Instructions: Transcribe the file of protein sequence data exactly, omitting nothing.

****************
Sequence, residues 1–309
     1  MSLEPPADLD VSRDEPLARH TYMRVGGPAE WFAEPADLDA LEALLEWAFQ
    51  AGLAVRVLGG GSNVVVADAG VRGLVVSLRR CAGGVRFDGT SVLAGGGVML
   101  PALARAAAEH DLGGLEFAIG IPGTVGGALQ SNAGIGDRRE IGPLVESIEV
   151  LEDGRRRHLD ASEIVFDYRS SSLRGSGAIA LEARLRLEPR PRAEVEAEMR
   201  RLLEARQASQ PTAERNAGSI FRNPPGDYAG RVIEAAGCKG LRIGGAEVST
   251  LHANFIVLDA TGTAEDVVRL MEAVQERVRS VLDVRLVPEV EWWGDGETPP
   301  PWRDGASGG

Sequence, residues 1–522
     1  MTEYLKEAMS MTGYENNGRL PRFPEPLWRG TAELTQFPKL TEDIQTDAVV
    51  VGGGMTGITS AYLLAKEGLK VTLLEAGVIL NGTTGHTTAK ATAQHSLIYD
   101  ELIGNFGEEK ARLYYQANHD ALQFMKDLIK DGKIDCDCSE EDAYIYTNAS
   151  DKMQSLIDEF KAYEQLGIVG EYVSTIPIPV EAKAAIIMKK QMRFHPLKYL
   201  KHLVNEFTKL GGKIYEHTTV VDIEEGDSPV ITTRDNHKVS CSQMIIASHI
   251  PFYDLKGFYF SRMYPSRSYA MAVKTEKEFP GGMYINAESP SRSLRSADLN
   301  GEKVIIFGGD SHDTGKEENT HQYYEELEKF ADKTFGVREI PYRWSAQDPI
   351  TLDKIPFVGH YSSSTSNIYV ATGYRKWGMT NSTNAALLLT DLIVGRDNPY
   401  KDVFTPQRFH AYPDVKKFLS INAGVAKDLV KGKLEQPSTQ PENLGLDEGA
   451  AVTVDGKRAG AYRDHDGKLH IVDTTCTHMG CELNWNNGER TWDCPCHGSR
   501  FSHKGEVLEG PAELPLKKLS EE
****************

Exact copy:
Sequence, residues 1–309
     1  MSLEPPADLD VSRDEPLARH TYMRVGGPAE WFAEPADLDA LEALLEWAFQ
    51  AGLAVRVLGG GSNVVVADAG VRGLVVSLRR CAGGVRFDGT SVLAGGGVML
   101  PALARAAAEH DLGGLEFAIG IPGTVGGALQ SNAGIGDRRE IGPLVESIEV
   151  LEDGRRRHLD ASEIVFDYRS SSLRGSGAIA LEARLRLEPR PRAEVEAEMR
   201  RLLEARQASQ PTAERNAGSI FRNPPGDYAG RVIEAAGCKG LRIGGAEVST
   251  LHANFIVLDA TGTAEDVVRL MEAVQERVRS VLDVRLVPEV EWWGDGETPP
   301  PWRDGASGG

Sequence, residues 1–522
     1  MTEYLKEAMS MTGYENNGRL PRFPEPLWRG TAELTQFPKL TEDIQTDAVV
    51  VGGGMTGITS AYLLAKEGLK VTLLEAGVIL NGTTGHTTAK ATAQHSLIYD
   101  ELIGNFGEEK ARLYYQANHD ALQFMKDLIK DGKIDCDCSE EDAYIYTNAS
   151  DKMQSLIDEF KAYEQLGIVG EYVSTIPIPV EAKAAIIMKK QMRFHPLKYL
   201  KHLVNEFTKL GGKIYEHTTV VDIEEGDSPV ITTRDNHKVS CSQMIIASHI
   251  PFYDLKGFYF SRMYPSRSYA MAVKTEKEFP GGMYINAESP SRSLRSADLN
   301  GEKVIIFGGD SHDTGKEENT HQYYEELEKF ADKTFGVREI PYRWSAQDPI
   351  TLDKIPFVGH YSSSTSNIYV ATGYRKWGMT NSTNAALLLT DLIVGRDNPY
   401  KDVFTPQRFH AYPDVKKFLS INAGVAKDLV KGKLEQPSTQ PENLGLDEGA
   451  AVTVDGKRAG AYRDHDGKLH IVDTTCTHMG CELNWNNGER TWDCPCHGSR
   501  FSHKGEVLEG PAELPLKKLS EE